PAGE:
Although there are numerous deployment and config management tools out there, none have had as much traction and continued success as Ansible. Purchased by Red Hat in October 2015, Ansible continues to gain steam in every corner. One of the great things about it and keys to its success is its agentless design. Rather that installing and maintaining a persistent agent inside your managed node, Ansible uses SSH/WinRM to conduct its operations. Not only is this a great boon for ops people, but it opens up huge doors to automating many more things than just Linux or Windows servers. Almost anything that has a built-in SSH server can be automated with Ansible, quickly, and securely.

I’ve become very interested in this powerful tool and set out to bring new content to the marketplace (and, in so doing, further my own education), so today I’m happy to report on the availability of some new Ansible roles that will help you in your job—regardless of whether you’re ops, dev, or working in devops—to deploy some common VMware agents with Ansible. Specifically, I’ve written some new roles that deploy and configure two agents for the VMware vRealize family of products: vRealize Log Insight and vRealize Operations Manager. Let me take you through one of these roles to show how easy it can be to deploy them through Ansible. Once you get the hang of that, you’ll know how to repeat it for other roles and not just my own.

To begin with, we need an Ansible control box set up and functional. There are numerous guides out there which can help, so I’ll just assume you’ve got that covered. Your ansible.cfg and inventory files must also be configured and ready to go. Ensure you can perform an ansible <host_or_host_group_pattern> -m ping successfully. From there, we need to download the role from Ansible Galaxy. Navigate to https://galaxy.ansible.com/chipzoller/vmware_loginsight and the installation command is already built for you.

This is pulled in from my GitHub repos into Galaxy, and from Galaxy pulled down to your Ansible control machine. Click the copy button to copy the command string, and paste into your terminal session.

As you can see, we have downloaded the role to the default configured location set by our configuration file (/etc/ansible/roles).

Before starting to configure anything, flip back over to the Read Me page over at the Galaxy hub. You should always read the Details and Read Me portions of these roles to ensure you know what needs to be configured, what’s supported, and other caveats. In the case of the vRealize Log Insight agent, we have to ensure the prereqs are met and the necessary variables are accurate. With that understood, open up and edit the file at defaults/main.yml.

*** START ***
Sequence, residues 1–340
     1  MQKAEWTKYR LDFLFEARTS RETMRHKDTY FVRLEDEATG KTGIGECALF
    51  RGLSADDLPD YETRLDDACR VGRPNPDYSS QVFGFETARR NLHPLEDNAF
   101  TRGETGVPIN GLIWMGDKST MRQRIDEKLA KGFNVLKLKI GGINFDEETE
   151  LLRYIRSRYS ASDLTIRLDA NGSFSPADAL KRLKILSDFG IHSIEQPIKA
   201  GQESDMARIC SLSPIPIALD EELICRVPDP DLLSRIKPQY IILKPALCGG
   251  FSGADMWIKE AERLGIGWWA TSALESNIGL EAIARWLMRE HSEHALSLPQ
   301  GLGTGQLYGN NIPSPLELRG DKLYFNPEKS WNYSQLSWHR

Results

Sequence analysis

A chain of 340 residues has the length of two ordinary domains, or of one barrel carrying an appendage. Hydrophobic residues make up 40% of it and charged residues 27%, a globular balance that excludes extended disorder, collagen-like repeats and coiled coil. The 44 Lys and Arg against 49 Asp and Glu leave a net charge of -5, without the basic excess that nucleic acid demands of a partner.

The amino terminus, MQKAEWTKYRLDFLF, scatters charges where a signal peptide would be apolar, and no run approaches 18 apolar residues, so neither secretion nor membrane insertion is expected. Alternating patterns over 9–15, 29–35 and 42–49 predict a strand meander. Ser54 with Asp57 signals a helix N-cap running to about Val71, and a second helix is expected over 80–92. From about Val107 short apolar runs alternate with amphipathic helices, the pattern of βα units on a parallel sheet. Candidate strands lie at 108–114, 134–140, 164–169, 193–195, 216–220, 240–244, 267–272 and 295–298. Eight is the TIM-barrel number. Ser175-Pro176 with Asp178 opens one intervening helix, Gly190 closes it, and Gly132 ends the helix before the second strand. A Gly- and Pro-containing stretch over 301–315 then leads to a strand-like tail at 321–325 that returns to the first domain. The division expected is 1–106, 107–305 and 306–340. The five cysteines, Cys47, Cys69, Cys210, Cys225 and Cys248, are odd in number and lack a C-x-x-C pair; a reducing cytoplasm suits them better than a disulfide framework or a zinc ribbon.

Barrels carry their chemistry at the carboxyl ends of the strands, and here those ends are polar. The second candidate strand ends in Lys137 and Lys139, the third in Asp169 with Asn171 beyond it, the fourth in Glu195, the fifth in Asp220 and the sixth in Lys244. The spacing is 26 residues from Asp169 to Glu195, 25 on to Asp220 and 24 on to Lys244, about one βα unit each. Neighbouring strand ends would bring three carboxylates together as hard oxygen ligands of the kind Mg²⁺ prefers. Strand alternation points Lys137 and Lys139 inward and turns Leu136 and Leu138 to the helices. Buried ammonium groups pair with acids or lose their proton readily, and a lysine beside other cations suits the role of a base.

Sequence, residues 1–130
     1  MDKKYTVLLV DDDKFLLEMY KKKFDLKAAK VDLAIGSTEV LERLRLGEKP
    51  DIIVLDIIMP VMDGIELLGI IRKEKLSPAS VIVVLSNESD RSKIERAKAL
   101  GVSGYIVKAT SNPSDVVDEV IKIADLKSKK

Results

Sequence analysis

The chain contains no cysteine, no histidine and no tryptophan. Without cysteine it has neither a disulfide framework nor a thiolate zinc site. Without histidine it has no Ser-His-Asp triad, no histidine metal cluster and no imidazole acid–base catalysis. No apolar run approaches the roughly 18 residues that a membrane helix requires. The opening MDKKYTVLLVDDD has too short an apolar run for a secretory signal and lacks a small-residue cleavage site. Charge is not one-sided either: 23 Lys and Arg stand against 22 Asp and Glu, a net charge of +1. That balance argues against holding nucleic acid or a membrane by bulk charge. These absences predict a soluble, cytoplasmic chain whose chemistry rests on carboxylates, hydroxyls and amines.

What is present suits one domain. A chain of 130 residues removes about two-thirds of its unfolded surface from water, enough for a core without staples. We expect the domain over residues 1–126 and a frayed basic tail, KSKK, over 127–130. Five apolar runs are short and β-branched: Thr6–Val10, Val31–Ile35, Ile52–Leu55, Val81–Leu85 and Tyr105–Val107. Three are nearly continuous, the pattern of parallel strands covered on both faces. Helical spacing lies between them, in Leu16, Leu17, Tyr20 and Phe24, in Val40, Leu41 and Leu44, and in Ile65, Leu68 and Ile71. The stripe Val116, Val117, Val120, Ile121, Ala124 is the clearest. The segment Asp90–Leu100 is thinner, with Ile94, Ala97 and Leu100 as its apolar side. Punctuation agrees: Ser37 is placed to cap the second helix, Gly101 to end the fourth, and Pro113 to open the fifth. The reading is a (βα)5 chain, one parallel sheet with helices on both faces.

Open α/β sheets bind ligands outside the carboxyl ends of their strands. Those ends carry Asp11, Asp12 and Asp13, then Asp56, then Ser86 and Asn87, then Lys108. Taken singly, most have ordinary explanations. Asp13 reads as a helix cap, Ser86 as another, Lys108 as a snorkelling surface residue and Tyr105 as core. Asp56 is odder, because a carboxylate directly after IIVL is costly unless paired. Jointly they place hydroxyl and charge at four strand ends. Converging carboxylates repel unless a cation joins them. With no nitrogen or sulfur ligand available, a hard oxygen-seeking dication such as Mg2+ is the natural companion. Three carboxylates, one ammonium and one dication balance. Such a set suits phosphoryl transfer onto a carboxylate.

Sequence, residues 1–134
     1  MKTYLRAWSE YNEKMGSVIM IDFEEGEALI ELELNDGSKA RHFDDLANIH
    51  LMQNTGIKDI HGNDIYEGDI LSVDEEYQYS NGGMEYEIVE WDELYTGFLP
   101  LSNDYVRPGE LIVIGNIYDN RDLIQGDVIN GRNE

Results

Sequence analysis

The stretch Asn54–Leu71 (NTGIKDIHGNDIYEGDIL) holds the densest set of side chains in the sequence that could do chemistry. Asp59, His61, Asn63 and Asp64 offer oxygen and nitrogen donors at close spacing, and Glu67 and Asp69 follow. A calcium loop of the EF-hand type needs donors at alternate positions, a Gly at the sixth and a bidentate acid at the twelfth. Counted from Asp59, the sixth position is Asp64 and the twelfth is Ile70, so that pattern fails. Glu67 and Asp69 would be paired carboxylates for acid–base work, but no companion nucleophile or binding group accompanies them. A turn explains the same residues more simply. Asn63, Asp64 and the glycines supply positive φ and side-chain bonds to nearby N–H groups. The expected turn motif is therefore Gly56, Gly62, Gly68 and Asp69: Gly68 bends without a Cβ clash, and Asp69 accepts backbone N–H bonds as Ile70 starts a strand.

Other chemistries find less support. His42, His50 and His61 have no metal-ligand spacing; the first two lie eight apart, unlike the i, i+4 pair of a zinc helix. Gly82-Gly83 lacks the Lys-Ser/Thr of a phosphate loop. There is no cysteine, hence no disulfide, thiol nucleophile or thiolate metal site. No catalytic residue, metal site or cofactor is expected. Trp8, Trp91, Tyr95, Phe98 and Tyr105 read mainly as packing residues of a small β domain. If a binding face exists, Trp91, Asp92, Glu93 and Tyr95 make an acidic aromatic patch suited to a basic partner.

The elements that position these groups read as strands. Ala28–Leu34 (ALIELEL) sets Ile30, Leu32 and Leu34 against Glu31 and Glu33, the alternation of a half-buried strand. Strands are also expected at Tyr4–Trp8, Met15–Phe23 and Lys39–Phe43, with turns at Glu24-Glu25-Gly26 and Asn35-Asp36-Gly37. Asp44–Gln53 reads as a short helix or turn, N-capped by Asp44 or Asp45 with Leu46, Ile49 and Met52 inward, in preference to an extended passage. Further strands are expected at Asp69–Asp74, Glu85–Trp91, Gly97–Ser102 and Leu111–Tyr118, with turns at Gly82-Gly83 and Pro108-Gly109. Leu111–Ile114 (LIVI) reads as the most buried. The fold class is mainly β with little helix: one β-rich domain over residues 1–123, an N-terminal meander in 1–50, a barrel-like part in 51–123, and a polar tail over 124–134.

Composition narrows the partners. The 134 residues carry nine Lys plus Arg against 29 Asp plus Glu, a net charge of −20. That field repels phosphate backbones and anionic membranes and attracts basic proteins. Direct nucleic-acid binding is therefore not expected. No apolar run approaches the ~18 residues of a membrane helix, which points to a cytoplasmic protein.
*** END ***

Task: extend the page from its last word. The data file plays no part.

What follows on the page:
The biggest one to change is the liservervariable. This needs to be the FQDN of your Log Insight node or ILB if using a cluster. For the other variables, you can leave these at their defaults or change them if you know what you’re doing (and understand the available options).

Once the variables are set, we can write a playbook that incorporates this role. Let’s create a very simple one which only calls this role. From my home directory, I’ll vim vrli-role-test.yml and populate it with the following content.

All YML files in Ansible get compiled at runtime and should begin with three dashes (-). The next line assigns a name to this playbook. hosts names the host group or individual host present in your inventory file on which to run this playbook.

TIP:  If you’re unsure that Ansible is picking up your inventory, check with ansible-inventory --graph.

Finally, we must specify the role to use. I’ve listed it here on a new line, indented from its parent keyword of roles, and begun with a single dash which indicates a list in YML format. Any other roles you wanted to add to this playbook should be formatted and indented similarly.

Right, now with that saved, let’s verify that we didn’t make any syntax errors. Check it with ansible-playbook vrli-role-test.yml --syntax-check and ensure it comes back clean. If all is well, it should simply return “playbook: vrli-role-test.yml” meaning it’s a valid playbook.

Now let’s run our new playbook. From your terminal, do ansible-playbook vrli-role-test.yml and hit Enter. Depending on the number of hosts in your inventory, the output will be longer or shorter, but hopefully you’ll see something like this.

The last line starting with PLAY RECAP is the most important. You should see some OK messages, some changed messages, but no failed ones. Flip over to your Log Insight environment and check Administration => Agents and ensure your nodes are now reporting in.

If so, then congratulations, you just used several key Ansible components to download a pre-built role and plumb it up to your very own playbook!

Now you should be comfortable with using Galaxy to further extend your Ansible capabilities. All that’s left is for you go forward and automate with your new skills.

If you like these roles (or even if you don’t), feel free to drop me a line on my GitHub page at https://github.com/chipzoller.